The longer you lead in any one organization, the more difficult it is to let go. That’s natural. You’ve invested more so there is more to protect. It’s not unlike the difference between the meager bank account of a young adult just moving out for the first time, with all the risks they are willing to take, and a 65-year-old married couple’s life savings. You handle the money differently.

In leadership, however, it’s important to be very open-handed with your leadership. Continue to take risks and give away as much authority as possible if you want your church to grow. If you hold on to all the influence, your church will get stuck.

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You know your mission, but are you clear in how you practice ministry? In order to become as effective as possible, it’s a good idea to think through how your church, with its culture, philosophy, personality and theology actually practices ministry. Then write those practices down and continually talk about them with your staff. (This is primarily a staff document. Your staff may be paid, volunteer or both.)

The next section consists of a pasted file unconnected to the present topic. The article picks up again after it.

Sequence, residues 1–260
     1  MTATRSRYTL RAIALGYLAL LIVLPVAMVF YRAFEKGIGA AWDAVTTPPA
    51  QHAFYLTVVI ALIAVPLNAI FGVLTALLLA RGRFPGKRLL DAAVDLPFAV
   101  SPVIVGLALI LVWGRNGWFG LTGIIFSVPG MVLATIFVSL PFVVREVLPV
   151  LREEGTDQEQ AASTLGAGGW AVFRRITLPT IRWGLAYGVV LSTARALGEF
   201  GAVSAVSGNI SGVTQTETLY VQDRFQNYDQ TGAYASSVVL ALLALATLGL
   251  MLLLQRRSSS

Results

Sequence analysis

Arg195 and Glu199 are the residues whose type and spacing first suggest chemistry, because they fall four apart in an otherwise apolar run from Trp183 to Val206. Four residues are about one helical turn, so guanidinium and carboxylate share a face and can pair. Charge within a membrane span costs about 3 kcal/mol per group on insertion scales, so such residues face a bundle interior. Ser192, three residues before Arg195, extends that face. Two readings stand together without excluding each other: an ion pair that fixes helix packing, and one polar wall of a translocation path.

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Churches age and churches die. But intentional leadership can make that divine journey significantly longer and much more spiritually productive. There are several things you can do to help keep your church young, alive and vibrant even though the chronological aging process continues.

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Leadership Pain

No one experiences the success of leadership without also knowing pain. It’s up to each individual leader if they will press through the pain and grow as a leader, or quit leading.

You’ll grow only to the threshold of your pain.

This is the central theme of Dr. Sam Chand’s new book, Leadership Pain. Dr. Chand was our guest speaker on Monday for a leadership development training session with 12Stone staff.

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